Tag Archives: General Hux

General Hux: The Reason Why He’s Better in ‘The Last Jedi’ than ‘The Force Awakens’

One of the smaller and less important characters in The Force Awakens was General Hux. He was supposedly the next Tarkin of this new Star Wars trilogy of but he just didn’t emit that stern, cold persona that Tarkin possessed so easily. In fact, when I first saw Hux in The Force Awakens I didn’t take him very seriously at first. He was awfully young looking to be a general first of all, he tried to adopt a mean looking face but he couldn’t really pull it off that well, and he just seemed too animated to me.

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I honestly didn’t take him seriously until this disturbing Nazi-inspired speech and gathering that transpired halfway through the film. I distinctly remember sitting in that theater actually quietly chuckling as Hux spat hate towards the Republic and spoke of their imminent fall because he looked so silly. And then when they actually destroyed Hosnian Prime and its surrounding systems (I just recently discovered it wasn’t Coruscant that they blew up…yay) that’s when I realized he wasn’t a joke after all. He was just an angrier-than-usual General of the First Order who wanted to see everything good (the Republic and the Resistance) go up in flames. After that there wasn’t much more from General Hux because he was such a minor character in the movie. Fast forward to The Last Jedi and he’s finally obtained more of a role but it’s not the way I would’ve imagined.

Rian Johnson understood that General Hux wasn’t a Tarkin type. In fact, he saw Hux in a funnier sense, like I did, and so he utilized that slightly comedic aspect of the red-haired officer and made General Hux funny in The Last Jedi. And while it, at first, was a startling contrast to his role in the previous film I have to grown to legitimately enjoy his character because of that change.

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Hux is a serious guy, there’s no doubt about that, but I loved his sarcastic attitude throughout the movie. It made him much more interesting and memorable and I think it really elevated Hux’s character. And who doesn’t love seeing Hux getting himself into trouble with both Snoke and Kylo Ren throughout the movie? Ha-ha, absolutely hilarious.

I enjoyed Hux in The Last Jedi so much that I’m honestly hoping he returns in Episode IX for some more sarcastic remarks.

I thank you for reading and I hope you have a great day. May the Force be with you.

Who Is The Evilest Villain in ‘Star Wars’?

Star Wars is full of heroes and villains, the light and the dark, good and evil, but of the many antagonists of the juggernaut science fiction franchise who is the most evil? From the diabolical plans of the Chancellor/Emperor Palpatine to the hateful wrath of General Hux there have been some rather evil dudes (and one lady) who have graced the Star Wars list of baddies and I’m going to tell you who I think is the most evil of them all. Enjoy!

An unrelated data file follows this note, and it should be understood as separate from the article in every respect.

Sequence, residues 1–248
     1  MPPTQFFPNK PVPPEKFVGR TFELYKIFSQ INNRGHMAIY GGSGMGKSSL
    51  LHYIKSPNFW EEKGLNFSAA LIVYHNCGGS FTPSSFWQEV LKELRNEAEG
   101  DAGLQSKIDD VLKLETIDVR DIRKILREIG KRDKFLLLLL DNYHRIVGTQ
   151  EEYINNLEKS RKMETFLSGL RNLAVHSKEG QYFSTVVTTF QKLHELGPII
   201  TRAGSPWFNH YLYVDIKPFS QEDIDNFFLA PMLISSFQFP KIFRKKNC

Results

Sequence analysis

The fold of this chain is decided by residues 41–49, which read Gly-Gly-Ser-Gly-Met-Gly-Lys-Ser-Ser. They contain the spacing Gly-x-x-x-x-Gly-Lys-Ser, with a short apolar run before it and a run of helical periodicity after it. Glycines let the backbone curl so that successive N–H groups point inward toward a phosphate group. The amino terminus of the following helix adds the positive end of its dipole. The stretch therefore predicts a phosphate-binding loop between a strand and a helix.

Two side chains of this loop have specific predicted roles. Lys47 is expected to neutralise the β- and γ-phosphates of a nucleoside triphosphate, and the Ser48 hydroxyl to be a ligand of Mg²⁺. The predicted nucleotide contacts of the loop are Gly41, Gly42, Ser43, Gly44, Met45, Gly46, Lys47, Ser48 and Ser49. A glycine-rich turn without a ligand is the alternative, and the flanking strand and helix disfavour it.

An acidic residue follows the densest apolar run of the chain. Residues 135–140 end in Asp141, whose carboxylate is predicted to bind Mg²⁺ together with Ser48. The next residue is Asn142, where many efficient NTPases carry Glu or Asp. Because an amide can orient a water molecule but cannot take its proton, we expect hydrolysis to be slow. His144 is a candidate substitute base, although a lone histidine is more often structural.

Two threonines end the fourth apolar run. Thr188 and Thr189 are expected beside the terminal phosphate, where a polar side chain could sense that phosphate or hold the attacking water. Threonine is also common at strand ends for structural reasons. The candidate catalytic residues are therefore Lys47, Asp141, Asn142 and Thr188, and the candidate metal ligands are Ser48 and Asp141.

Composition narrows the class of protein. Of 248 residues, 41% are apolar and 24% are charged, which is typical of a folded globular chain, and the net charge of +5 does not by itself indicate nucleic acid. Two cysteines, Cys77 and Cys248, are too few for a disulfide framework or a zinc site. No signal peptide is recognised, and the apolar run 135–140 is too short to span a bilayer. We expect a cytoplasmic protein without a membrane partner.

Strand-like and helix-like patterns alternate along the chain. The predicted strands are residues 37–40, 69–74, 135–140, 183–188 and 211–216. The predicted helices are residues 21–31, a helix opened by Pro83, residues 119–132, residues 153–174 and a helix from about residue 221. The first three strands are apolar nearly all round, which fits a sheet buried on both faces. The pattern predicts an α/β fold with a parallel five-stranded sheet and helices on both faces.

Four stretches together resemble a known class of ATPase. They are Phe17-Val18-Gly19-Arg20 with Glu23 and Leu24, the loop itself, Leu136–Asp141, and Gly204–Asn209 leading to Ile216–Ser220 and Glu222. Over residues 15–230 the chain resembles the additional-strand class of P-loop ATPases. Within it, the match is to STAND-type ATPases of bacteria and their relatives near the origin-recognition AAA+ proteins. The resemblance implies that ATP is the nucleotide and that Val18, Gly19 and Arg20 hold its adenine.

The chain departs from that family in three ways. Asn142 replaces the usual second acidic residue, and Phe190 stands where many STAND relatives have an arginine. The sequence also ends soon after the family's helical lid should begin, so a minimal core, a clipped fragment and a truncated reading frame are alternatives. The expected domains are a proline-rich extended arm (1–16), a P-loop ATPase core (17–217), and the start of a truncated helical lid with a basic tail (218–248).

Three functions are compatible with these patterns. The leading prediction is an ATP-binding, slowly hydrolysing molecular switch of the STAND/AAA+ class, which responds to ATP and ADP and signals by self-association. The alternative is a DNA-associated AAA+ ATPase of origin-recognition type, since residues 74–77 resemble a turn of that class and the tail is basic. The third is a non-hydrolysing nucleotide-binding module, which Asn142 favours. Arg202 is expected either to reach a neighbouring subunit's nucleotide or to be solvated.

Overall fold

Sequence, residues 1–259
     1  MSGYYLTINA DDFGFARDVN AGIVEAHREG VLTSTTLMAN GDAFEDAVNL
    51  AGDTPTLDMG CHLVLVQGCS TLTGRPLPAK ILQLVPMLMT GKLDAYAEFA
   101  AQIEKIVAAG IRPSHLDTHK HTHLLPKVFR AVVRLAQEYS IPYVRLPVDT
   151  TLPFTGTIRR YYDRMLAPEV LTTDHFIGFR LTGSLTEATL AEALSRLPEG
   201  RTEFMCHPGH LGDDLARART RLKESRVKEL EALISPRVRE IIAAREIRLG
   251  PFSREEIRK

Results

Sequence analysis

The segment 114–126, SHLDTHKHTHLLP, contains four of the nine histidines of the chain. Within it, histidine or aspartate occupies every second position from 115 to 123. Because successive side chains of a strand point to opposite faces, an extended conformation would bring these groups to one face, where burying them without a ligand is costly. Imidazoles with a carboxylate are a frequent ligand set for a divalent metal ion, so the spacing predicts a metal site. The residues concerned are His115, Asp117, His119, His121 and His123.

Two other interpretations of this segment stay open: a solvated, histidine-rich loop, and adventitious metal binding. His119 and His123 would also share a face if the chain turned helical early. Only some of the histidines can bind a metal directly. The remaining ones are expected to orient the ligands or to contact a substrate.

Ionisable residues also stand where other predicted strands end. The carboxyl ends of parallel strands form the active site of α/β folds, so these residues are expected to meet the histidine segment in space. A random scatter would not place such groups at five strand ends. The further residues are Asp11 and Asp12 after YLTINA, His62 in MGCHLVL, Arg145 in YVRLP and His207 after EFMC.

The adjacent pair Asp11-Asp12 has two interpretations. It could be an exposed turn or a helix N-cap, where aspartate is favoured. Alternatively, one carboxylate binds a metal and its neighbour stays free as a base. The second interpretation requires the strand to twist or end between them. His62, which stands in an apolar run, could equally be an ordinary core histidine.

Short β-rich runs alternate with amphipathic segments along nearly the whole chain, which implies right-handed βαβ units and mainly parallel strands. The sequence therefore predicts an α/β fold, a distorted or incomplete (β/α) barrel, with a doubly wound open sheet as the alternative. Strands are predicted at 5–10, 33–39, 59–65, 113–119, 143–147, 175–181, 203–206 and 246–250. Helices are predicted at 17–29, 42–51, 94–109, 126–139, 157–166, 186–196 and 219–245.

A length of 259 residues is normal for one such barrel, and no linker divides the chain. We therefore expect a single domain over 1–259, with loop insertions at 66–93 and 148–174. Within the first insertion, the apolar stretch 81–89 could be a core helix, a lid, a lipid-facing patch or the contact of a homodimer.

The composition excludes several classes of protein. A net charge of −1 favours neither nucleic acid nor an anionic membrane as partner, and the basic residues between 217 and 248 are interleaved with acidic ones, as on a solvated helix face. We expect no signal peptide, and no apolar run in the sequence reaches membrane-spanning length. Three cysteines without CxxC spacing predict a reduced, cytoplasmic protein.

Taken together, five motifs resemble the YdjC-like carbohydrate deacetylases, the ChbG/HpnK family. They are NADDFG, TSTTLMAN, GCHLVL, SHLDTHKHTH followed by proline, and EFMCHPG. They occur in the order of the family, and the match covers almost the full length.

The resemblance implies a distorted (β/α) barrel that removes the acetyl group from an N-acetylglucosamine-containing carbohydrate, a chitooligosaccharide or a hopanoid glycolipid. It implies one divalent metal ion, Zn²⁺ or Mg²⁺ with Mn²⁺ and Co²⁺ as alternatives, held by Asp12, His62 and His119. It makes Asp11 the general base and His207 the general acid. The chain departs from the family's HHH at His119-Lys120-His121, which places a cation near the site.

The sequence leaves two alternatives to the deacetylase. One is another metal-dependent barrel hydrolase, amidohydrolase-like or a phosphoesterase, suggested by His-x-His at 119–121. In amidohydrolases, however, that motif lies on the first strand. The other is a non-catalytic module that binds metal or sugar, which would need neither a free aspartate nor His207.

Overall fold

6. Director Krennic

Director Orson Krennic

When I saw the first teaser for Rogue One Director Krennic looked legitimately menacing. I had never seen an Imperial officer dressed in white before which gave him an air of superiority and intimidation that I had never seen. When I watched the movie it was disappointing to find out he wasn’t as terrifying as he appeared to be. Maybe he had been a little more frightening before the reshoots changed much of the film but the end product produced a bloated antagonist whose goal and motivations weren’t nearly as menacing as they could’ve been. He’s definitely one of the coolest looking villains in Star Wars but he’s also one of the lamest.

5. Darth Vader

Darth Vader

Darth Vader is undoubtedly an evil guy but he isn’t nearly as evil as the other villains later on in this list. He made a mistake, he went to the Dark Side because he thought Palpatine could help him save Padme, and after that of course he was evil. He’s definitely everything that Krennic is not; ruthless, terrifying, authoritative. Darth Vader’s no joke. He’s also not as villainous as he pretends to be though, that’s why Luke was able to turn him back to the light. Hate and the hunger for power is what drove him to become the monster that he was for so long but that good side of him was still in there. That’s why instead of killing Luke in the Cloud City he tried to get Luke to join him so they could rule the galaxy as, in his words, “Father and son.” That’s also why when he saw Luke again before he took him to the Death Star he had a private conversation with him instead of treating him like he didn’t care the slightest about him. Darth Vader is, of course, the main villain of the original trilogy but he definitely isn’t as villainous as some of the other villains in the franchise.

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